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NCF Nation: John Timu

Pac-12 all-bowl team

January, 9, 2014
Jan 9
9:00
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Who were the Pac-12 standouts this bowl season? Here are our picks.

OFFENSE

[+] EnlargeBrett Hundley
Andrew Weber/USA TODAY SportsBrett Hundley finished the season with a strong performance in the Bruins' bowl win.
QB Brett Hundley, UCLA: Hundley accounted for four touchdowns in the Bruins' 42-12 win over Virginia Tech in the Sun Bowl. He rushed for 161 yards on 10 carries -- 16.1 yards per run -- with two touchdowns and he also completed 16 of 29 passes for 226 yards and two scores. Other QBs had nice games, but Hundley put up big numbers against an outstanding defense.

RB Ka'Deem Carey, Arizona: In the AdvoCare V100 Bowl win over Boston College, Carey rushed for 169 yards on 27 carries and two scores, averaging 6.3 yards per rush. He decisively outplayed Boston College RB Andre Williams, who won the Doak Walker Award and was a Heisman Trophy finalist.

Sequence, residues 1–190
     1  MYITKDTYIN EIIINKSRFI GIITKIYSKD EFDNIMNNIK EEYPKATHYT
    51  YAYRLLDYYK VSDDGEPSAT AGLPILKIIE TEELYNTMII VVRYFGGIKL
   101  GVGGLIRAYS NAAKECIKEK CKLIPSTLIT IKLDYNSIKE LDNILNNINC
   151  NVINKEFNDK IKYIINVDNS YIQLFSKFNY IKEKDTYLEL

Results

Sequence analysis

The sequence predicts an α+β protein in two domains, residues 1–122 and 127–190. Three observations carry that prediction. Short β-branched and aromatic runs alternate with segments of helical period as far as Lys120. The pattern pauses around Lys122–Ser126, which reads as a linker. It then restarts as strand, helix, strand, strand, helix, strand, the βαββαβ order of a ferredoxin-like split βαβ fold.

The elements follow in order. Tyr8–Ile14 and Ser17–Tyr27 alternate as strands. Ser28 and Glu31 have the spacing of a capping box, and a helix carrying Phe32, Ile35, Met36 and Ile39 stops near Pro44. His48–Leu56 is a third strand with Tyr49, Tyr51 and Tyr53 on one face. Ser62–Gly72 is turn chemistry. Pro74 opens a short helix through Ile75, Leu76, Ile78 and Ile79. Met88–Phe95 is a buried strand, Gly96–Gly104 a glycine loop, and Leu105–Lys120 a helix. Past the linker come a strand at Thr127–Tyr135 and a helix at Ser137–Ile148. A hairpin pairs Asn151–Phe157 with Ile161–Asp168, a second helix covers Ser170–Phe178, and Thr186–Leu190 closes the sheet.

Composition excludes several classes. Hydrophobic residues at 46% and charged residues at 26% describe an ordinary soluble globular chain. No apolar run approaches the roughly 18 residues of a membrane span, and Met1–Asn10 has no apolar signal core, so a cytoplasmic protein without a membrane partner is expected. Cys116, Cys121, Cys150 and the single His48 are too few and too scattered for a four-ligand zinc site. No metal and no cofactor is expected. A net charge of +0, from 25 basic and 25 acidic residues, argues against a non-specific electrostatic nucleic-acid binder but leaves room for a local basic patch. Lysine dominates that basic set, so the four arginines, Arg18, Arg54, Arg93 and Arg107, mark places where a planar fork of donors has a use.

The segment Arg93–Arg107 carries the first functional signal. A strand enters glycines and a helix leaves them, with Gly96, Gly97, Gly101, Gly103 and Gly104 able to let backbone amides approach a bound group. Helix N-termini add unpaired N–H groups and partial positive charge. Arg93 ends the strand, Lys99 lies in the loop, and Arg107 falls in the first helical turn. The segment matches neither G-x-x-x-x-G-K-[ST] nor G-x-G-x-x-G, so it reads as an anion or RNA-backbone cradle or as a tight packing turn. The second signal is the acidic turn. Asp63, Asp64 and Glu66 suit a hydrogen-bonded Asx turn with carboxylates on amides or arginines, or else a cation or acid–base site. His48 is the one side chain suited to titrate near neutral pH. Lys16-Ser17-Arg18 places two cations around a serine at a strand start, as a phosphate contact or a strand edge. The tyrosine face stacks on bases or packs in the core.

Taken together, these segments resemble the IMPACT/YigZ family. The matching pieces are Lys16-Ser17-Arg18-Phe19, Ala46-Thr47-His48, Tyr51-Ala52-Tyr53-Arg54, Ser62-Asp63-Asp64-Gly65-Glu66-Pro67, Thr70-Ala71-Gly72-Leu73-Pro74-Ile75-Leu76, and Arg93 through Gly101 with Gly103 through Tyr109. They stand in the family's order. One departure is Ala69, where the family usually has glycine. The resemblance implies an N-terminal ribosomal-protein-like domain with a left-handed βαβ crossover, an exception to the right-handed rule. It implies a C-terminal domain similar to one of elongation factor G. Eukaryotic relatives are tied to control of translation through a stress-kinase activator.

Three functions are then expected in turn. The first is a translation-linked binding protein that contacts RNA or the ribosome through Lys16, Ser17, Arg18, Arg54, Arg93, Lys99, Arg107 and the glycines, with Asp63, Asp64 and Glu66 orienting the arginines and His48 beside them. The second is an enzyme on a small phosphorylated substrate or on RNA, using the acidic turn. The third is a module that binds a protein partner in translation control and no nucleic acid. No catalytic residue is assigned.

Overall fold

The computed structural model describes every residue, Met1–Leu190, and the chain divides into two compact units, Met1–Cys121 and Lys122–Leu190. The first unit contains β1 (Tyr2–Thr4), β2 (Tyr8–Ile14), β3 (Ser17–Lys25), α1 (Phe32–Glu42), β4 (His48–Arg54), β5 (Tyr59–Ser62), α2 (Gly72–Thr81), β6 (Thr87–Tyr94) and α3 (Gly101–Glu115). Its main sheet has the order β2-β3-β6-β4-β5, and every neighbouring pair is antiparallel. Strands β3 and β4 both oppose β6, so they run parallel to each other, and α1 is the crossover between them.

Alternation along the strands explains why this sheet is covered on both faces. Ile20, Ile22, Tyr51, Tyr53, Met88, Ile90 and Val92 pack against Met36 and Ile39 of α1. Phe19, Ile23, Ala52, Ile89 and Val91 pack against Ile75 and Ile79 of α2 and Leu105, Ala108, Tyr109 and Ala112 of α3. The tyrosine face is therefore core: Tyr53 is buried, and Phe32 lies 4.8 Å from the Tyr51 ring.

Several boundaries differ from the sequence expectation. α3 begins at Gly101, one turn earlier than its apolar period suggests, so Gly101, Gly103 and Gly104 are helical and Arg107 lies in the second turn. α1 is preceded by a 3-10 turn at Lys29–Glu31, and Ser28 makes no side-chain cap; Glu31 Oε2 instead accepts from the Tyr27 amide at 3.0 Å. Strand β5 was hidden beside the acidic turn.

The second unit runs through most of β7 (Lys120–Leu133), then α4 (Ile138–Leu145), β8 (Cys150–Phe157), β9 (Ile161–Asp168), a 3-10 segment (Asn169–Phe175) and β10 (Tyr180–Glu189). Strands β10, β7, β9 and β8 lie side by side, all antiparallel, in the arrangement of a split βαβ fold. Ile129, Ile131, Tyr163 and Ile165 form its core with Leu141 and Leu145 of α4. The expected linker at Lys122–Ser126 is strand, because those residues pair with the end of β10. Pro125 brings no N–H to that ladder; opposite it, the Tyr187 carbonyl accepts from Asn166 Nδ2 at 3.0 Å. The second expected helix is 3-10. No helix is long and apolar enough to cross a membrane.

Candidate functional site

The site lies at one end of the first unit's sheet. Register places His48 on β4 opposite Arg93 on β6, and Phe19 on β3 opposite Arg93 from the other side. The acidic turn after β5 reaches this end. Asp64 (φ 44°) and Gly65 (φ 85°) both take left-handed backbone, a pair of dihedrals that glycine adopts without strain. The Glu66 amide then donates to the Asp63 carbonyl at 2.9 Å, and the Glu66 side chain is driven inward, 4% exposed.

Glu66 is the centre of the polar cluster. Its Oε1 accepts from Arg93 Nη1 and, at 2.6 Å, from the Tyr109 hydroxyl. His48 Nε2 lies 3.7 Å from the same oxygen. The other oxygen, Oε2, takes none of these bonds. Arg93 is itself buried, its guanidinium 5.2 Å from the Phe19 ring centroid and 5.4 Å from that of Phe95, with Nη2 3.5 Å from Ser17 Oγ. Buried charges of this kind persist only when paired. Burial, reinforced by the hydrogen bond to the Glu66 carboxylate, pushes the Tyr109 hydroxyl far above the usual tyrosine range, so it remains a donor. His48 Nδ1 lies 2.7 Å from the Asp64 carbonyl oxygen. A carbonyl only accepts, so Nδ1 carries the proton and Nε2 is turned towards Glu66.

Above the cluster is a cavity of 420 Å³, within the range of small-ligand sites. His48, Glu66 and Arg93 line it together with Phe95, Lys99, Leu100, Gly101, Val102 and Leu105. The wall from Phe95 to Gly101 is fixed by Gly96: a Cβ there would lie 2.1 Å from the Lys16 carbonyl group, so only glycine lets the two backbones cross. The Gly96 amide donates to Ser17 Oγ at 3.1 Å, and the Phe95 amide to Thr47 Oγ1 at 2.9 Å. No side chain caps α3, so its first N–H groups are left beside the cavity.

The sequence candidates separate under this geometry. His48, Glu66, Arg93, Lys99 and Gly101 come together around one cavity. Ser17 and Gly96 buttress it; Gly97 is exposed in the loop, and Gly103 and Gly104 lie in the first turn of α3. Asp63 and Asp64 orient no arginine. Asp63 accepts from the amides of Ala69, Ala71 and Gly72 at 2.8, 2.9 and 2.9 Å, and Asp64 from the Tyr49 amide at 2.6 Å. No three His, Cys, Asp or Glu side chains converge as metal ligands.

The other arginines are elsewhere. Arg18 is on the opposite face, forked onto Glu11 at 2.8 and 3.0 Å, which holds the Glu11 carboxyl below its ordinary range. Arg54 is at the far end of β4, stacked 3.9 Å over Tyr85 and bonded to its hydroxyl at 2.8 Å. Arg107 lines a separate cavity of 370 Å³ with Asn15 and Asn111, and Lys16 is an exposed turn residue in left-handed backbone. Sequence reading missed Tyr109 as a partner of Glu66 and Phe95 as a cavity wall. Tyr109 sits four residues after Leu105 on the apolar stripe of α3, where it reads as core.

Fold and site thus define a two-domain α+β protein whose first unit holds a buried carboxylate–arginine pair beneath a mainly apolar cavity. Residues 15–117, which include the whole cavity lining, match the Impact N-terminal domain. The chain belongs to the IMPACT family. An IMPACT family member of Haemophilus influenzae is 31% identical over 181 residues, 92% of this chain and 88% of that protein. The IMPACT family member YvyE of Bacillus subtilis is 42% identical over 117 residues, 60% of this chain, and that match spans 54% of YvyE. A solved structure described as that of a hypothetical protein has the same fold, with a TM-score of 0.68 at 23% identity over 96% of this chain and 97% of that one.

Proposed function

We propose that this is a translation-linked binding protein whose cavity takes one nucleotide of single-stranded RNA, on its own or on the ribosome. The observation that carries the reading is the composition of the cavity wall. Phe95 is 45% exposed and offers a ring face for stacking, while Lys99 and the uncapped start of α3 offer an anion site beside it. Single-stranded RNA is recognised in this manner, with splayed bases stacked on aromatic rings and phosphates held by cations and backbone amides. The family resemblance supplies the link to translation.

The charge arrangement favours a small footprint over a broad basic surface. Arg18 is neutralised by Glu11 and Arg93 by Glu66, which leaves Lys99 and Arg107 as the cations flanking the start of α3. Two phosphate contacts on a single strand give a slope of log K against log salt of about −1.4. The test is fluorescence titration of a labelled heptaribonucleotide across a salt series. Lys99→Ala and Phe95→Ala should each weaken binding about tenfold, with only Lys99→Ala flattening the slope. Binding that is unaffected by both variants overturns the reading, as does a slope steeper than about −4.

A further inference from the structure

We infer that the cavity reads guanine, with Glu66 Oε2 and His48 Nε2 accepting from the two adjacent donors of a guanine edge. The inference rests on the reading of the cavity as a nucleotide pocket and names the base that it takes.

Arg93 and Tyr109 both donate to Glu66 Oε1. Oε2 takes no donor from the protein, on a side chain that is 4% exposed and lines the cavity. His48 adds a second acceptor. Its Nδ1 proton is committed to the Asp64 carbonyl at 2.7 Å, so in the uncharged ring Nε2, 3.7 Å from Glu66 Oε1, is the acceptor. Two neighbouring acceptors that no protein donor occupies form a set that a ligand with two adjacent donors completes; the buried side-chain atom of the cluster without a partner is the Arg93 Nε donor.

RB D.J. Foster, Arizona State: Despite being banged up, Foster rushed for 132 yards on 20 carries -- 6.6 yards per carry -- in the Sun Devils' 37-23 loss to Texas Tech in the Holiday Bowl. He also caught five passes for 23 yards.

WR Marqise Lee, USC: In his career finale, Lee caught seven passes for 118 yards with two touchdowns in USC's win over Fresno State in the Las Vegas Bowl.

WR Nate Phillips, Arizona: Phillips, a true freshman, caught nine passes for 193 yards in the Wildcats' win over Boston College.

WR Josh Huff, Oregon: Huff caught five passes for 104 yards and a touchdown in Oregon's 30-7 win over Texas in the Valero Alamo Bowl.

OL Xavier Su'a-Filo, UCLA: Su'a-Filo led the Bruins' offensive line against a tough Virginia Tech defense. UCLA rushed for 197 yards against a top-10 rushing defense and yielded only two sacks.

OL Abe Markowitz, USC: The sixth-year walk-on stepped in at center for an injured Marcus Martin -- the Trojans' best offensive lineman this season -- and played well in the 45-20 win over Fresno State. The Trojans yielded only one sack and rushed for 154 yards. He was named the "Offensive Outperformer of the Game" by his coaches.